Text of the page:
At a ceremony held on the air base where 11 Israeli athletes and coaches were murdered during the 1972 Munich Olympics, German officials apologized for the “lack of protection” that led to the tragedy and agreed to establish a joint research commission to look more deeply into the events surrounding the terror attack.
“We cannot make amends for what has happened,” said German President Frank-Walter Steinmeier on Monday. “I ask you, as the head of state of this country and on behalf of the Federal Republic of Germany, for forgiveness for the lack of protection of the Israeli athletes during the Olympic Games in Munich and for the lack of clarification afterwards; for the fact that what happened could happen.”
Germany also reached a compensation deal of about $28 million with the attack’s surviving family members days before the commemoration, a significant increase from a previous offer that staved off a planned boycott of the ceremony by the victims’ families.
“Today, 50 years on, many questions, far too many questions, remain unanswered,” Steinmeier said. “The attack was followed by years, of decades of silence and blocking out… that too is a failure.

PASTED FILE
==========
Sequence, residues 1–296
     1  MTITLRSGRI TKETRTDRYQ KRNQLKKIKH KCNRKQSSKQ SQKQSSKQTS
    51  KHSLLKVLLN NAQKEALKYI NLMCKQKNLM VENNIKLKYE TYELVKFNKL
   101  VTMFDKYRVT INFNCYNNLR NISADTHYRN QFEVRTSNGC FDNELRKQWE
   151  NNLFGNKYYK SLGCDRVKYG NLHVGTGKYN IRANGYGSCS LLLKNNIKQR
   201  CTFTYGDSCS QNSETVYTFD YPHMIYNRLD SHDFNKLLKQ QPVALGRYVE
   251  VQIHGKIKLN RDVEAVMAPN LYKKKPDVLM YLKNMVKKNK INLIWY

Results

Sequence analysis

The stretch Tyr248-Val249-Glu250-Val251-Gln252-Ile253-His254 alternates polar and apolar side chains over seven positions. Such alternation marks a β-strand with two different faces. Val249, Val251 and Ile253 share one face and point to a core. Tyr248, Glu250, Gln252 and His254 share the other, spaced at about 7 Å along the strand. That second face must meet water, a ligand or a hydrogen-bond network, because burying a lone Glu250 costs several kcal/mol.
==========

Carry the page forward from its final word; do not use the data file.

“Honored family members, I cannot fathom what suffering, what pain you’ve been through… How can life go on,” he added. “For five decades, that gnawing pain has been with you.”
Israeli President Isaac Herzog, who threatened to join the boycott, attended Monday’s ceremony and addressed the Bundestag, or Germany’s parliament, on Tuesday, praising its government for the apology and welcoming a proposal by Bundestag President Bärbel Bas to create a new German-Israeli youth exchange organization.
Herzog thanked Steinmeier and German Chancellor Olaf Scholz for “taking responsibility” and contributing to “some relief of the pain that relatives still have today.”
On Sept. 5, 1972, eight terrorists from the group Black September entered the Olympic Village and took members of the Israeli delegation hostage, demanding the release of Palestinian Arab prisoners held in Israel and elsewhere. After a botched rescue attempt, 11 Israelis and one West German police officer were killed by the end of the night.
Herzog capped his trip with a visit to the memorial at the Bergen-Belsen former concentration camp. His father, Chaim Herzog — who would become Israel’s sixth president — helped liberate the camp in April 1945, as a British army officer.